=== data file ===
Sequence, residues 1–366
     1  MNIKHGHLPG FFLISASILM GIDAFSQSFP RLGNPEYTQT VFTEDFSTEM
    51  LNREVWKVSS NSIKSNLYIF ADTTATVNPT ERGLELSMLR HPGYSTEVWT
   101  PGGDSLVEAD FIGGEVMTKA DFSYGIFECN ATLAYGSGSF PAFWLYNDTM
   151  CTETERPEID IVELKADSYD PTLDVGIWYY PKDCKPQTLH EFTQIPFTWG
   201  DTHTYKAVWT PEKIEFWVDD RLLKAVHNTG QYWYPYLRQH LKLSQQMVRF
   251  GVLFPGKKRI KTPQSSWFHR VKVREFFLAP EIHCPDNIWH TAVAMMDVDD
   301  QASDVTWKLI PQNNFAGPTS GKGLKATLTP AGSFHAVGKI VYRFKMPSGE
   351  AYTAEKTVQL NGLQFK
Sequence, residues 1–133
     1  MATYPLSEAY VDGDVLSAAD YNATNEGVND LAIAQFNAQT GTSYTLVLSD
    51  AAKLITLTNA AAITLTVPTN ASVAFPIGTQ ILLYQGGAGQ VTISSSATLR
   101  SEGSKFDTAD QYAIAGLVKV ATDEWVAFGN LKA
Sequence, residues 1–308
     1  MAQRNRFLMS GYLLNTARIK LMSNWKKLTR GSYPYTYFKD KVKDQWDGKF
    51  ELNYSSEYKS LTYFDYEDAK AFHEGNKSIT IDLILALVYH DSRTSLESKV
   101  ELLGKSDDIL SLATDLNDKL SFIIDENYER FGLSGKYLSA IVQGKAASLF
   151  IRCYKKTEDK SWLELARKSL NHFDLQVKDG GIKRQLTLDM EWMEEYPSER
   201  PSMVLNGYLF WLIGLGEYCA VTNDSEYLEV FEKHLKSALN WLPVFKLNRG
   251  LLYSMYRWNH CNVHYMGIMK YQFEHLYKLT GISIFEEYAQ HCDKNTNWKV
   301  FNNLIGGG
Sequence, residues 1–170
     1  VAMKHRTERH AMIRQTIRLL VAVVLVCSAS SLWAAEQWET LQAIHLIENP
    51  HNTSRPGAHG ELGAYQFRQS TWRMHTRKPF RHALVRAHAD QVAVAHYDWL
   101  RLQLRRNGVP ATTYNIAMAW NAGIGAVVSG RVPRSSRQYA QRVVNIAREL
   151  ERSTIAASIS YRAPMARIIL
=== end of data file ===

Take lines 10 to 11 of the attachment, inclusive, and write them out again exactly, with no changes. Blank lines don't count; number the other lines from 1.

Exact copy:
Sequence, residues 1–133
     1  MATYPLSEAY VDGDVLSAAD YNATNEGVND LAIAQFNAQT GTSYTLVLSD